Yesterday, April 29, 2014, Education Secretary Arne Duncan appeared before the U.S. House of Representatives Committee on Education and the Workforce to discuss the President’s FY 2015 Budget Request. (See our earlier blog about the level of IDEA funding included in the President’s Budget.)
Duncan was peppered with questions regarding the persistent lack of funding for IDEA throughout the hearing. Following the hearing, Chairman Klein issued a press release stating that “Years ago the federal government pledged to provide critical support to special needs children, yet Republicans and Democrats alike have repeatedly failed to keep that promise. As I told Secretary Arne Duncan earlier today, parents and school leaders aren’t asking for new competitive grants or funding for duplicative early childhood programs – they’re begging for more support for the nation’s most vulnerable students. It’s time to reassess our priorities, and I am going to do everything in my power to advocate for a renewed federal commitment to children with disabilities.”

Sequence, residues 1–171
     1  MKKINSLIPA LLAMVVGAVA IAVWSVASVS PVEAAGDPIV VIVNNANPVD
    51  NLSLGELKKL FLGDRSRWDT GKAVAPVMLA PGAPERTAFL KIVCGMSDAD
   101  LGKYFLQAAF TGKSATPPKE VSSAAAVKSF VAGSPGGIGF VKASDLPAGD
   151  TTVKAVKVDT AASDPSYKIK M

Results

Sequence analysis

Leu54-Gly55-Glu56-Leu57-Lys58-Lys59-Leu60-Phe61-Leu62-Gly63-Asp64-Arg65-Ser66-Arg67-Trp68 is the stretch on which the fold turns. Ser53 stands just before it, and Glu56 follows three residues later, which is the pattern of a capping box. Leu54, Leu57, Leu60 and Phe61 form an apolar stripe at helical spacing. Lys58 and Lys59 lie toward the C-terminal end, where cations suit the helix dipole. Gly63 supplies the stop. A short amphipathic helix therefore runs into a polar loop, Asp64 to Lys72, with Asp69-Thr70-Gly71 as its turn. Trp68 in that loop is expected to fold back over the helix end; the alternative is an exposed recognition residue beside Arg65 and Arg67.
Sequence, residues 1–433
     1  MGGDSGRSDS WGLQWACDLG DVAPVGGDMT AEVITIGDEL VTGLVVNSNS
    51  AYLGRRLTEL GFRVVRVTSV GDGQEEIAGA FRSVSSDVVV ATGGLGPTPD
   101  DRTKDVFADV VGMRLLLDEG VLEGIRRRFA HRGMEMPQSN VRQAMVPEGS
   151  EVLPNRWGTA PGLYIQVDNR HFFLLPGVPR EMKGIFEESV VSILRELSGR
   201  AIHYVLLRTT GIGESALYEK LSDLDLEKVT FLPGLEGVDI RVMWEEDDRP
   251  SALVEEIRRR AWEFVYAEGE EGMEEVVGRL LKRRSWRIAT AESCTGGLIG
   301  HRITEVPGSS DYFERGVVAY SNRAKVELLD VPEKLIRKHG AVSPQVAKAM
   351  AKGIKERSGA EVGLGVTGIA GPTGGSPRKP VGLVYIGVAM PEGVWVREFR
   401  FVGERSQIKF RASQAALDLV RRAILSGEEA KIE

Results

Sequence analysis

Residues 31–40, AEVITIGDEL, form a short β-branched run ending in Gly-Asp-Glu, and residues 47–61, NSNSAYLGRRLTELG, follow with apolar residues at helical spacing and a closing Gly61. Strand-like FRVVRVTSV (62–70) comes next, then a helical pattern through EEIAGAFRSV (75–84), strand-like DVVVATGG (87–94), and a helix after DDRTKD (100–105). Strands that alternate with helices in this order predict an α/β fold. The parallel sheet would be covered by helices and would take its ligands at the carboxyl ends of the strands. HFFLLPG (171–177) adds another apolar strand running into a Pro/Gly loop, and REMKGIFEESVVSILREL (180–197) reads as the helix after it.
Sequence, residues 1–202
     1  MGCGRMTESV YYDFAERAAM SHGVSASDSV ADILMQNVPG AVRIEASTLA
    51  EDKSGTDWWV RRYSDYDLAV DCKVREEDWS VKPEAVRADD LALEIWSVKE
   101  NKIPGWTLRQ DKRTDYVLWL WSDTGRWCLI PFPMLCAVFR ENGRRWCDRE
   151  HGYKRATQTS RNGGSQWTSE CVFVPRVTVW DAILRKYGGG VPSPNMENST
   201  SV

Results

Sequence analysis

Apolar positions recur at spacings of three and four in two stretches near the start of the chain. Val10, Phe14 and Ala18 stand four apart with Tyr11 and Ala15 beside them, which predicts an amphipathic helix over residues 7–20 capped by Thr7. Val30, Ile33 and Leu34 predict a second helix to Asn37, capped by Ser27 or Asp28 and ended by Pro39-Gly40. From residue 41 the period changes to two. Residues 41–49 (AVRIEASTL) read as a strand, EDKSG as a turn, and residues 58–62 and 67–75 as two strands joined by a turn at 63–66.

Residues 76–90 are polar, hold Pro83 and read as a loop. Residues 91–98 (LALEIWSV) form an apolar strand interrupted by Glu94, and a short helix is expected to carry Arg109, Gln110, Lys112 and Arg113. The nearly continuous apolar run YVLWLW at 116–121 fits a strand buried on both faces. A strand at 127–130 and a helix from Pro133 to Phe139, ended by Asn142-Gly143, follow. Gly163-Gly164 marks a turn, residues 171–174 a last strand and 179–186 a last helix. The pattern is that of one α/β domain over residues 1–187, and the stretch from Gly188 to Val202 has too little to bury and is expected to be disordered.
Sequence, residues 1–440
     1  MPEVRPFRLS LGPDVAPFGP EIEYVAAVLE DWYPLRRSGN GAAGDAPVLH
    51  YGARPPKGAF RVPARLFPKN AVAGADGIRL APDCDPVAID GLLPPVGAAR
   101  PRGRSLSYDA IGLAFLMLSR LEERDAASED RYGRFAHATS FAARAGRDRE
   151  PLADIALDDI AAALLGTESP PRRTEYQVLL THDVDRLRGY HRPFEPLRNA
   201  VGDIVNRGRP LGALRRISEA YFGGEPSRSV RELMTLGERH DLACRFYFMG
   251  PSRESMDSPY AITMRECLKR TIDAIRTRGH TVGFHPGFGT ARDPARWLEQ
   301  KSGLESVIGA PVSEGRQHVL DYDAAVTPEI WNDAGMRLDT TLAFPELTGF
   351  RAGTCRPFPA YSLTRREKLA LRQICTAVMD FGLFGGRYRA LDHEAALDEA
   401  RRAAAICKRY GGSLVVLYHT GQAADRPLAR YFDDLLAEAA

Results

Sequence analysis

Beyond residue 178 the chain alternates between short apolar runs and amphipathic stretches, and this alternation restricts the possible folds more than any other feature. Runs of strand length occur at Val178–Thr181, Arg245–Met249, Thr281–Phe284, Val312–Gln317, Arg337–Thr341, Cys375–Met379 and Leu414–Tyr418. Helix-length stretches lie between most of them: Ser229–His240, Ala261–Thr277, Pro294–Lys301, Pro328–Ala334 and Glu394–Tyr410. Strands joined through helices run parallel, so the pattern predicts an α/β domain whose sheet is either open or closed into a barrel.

Klein and other Republican leaders issued a formal request for a $1.5 billion increase in IDEA Part B funding in the Fiscal Year 2015 Labor, Health and Human Services, Education, and Related Agencies Appropriations Act, bringing the total funding to $13 billion.
The Committee also issued the chart below, detailing the IDEA funding gap in every state, with this explanation:
The assumption underlying the Individuals with Disabilities Education Act (IDEA) and its predecessor legislation is that, on average, the cost of educating children with disabilities is twice the average cost (measured as the national average per pupil expenditure or APPE) of educating other children. Congress determined that the federal government would pay up to 40 percent of this “excess” cost, which is referred to as full funding. Since 1981, the first year for which full funding was 40 percent of APPE, the federal share has remained less than half of the federal commitment based on regular appropriations. As a result, states and school districts are forced to absorb the additional costs not funded by the federal government to meet the needs to which these students are legally entitled. In 2014 alone this cost is almost $17.6 billion.